Short-term hormone therapy may delay prostate cancer growth

January 10, 2008

Just 4 months of hormonal therapy before and with standard external beam radiation therapy slows cancer growth by as much as 8 years-especially the development of bone metastases-and increases survival in older men with potentially aggressive prostate cancer, according to a study to be published in the Journal of Clinical Oncology.

Just 4 months of hormonal therapy before and with standard external beam radiation therapy slows cancer growth by as much as 8 years-especially the development of bone metastases-and increases survival in older men with potentially aggressive prostate cancer, according to a study to be published in the Journal of Clinical Oncology.

This neoadjuvant hormonal therapy may allow men most at risk of developing bone metastases avoid long-term hormonal therapy later on, researchers say. Furthermore, the short-term hormonal therapy did not increase the risk of cardiovascular disease.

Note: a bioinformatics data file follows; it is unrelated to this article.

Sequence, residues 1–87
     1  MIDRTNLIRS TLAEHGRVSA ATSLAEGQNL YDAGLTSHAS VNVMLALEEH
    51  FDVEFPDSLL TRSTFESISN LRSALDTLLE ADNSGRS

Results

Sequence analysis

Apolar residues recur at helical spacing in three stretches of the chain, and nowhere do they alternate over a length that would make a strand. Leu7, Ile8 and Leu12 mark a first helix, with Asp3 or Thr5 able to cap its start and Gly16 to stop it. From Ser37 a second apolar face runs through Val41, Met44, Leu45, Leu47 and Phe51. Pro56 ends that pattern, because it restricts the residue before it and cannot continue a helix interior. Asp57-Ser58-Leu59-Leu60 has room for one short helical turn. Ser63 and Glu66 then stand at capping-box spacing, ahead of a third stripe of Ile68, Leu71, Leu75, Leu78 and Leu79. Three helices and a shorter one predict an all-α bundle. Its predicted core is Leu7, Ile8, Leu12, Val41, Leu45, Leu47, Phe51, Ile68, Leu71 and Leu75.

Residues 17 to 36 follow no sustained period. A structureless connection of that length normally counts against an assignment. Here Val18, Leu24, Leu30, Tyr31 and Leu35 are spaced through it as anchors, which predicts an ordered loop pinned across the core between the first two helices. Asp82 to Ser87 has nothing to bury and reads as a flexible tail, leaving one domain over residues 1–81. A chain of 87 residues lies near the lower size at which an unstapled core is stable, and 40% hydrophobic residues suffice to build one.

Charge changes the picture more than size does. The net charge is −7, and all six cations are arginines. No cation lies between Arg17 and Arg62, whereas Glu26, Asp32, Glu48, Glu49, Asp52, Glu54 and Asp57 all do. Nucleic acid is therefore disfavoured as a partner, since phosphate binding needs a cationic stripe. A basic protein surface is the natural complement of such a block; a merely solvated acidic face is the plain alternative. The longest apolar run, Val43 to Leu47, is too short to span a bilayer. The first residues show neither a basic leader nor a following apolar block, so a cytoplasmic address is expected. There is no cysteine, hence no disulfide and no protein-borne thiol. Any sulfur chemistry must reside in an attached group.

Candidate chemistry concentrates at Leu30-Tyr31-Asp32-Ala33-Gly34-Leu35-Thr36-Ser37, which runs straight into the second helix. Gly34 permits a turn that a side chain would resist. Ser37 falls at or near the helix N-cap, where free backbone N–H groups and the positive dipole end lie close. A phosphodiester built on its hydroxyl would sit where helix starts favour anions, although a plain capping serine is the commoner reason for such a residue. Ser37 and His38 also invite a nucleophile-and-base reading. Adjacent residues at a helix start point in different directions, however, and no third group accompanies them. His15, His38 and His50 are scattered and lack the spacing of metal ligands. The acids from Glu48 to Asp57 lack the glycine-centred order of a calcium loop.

“This study demonstrates that the benefits of short-term hormonal therapy for men receiving radiation therapy for prostate cancer far outweigh the risks,” said lead author Mack Roach III, MD, of the University of California, San Francisco. “While 4 months of hormonal therapy isn’t enough to cause significant side effects, we found that it can delay the development of bone metastasis by as many as 8 years, which is very significant.”

Starting in 1987, Radiation Therapy Oncology Group researchers studied 224 men with high-risk prostate cancer who received goserelin acetate (Zoladex) and flutamide before and concurrent with external beam radiation therapy, and 232 men with the disease who received radiation therapy alone. After 13 years of follow-up, they found better 10-year disease-specific death rates among men who received ADT plus radiation (23% vs. 36% of the radiation-only group), disease metastasis rates (35% vs. 47%), disease-free survival (11% vs. 3%), and biochemical failure rates (65% vs. 80%).

Among men who received neoadjuvant hormonal therapy, there was up to an 8-year delay in the time it took 40% of patients to develop bone metastases compared with men receiving radiation alone.